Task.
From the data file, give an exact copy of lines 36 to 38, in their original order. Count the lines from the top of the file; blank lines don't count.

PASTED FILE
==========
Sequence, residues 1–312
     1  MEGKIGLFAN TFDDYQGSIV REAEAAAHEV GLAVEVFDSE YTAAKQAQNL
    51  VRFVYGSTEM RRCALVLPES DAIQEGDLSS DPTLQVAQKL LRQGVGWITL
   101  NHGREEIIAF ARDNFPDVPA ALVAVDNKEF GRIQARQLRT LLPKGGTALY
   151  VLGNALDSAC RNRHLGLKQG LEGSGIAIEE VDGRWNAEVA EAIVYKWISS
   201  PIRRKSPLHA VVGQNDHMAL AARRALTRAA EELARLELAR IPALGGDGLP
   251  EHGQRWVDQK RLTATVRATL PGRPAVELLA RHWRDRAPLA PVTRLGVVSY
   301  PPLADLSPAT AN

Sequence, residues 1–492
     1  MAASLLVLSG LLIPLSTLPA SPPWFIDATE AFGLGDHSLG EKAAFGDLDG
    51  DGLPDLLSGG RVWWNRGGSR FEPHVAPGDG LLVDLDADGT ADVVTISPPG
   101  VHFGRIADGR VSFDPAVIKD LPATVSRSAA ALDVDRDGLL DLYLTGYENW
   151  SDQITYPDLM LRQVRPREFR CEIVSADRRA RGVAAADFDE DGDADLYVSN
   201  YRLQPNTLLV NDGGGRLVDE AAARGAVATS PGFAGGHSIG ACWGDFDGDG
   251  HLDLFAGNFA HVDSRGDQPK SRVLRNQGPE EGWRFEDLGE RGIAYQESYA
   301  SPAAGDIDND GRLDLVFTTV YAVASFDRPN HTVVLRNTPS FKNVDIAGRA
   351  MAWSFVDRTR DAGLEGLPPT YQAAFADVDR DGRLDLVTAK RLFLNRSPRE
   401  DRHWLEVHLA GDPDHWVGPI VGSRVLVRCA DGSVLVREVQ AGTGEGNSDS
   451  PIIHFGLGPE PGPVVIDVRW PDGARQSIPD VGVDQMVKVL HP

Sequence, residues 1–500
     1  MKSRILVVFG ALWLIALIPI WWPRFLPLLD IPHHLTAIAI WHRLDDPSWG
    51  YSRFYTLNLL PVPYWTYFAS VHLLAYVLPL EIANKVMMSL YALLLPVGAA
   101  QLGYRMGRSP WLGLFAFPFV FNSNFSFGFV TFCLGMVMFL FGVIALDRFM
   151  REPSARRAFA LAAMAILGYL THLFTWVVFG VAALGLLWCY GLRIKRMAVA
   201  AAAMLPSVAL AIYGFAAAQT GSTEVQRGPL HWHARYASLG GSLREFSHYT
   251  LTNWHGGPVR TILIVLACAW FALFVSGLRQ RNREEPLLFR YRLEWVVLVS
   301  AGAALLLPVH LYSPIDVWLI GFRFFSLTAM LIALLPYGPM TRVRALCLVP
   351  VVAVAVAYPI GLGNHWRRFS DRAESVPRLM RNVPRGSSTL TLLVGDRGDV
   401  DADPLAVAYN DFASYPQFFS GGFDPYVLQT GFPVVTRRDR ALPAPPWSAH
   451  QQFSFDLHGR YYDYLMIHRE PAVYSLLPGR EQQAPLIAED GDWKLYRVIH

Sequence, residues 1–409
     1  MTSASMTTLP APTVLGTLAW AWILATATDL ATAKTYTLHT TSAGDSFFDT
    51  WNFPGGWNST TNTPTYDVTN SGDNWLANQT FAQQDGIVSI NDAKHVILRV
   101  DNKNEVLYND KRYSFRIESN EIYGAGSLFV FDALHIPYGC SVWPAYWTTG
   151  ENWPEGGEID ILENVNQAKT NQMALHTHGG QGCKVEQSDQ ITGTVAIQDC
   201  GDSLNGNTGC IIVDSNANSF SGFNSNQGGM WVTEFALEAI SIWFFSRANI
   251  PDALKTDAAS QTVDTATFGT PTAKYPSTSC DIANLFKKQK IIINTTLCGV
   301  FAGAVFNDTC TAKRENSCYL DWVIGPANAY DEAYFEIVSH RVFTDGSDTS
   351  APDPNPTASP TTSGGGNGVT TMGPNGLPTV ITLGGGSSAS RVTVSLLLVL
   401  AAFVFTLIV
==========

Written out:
   201  GDSLNGNTGC IIVDSNANSF SGFNSNQGGM WVTEFALEAI SIWFFSRANI
   251  PDALKTDAAS QTVDTATFGT PTAKYPSTSC DIANLFKKQK IIINTTLCGV
   301  FAGAVFNDTC TAKRENSCYL DWVIGPANAY DEAYFEIVSH RVFTDGSDTS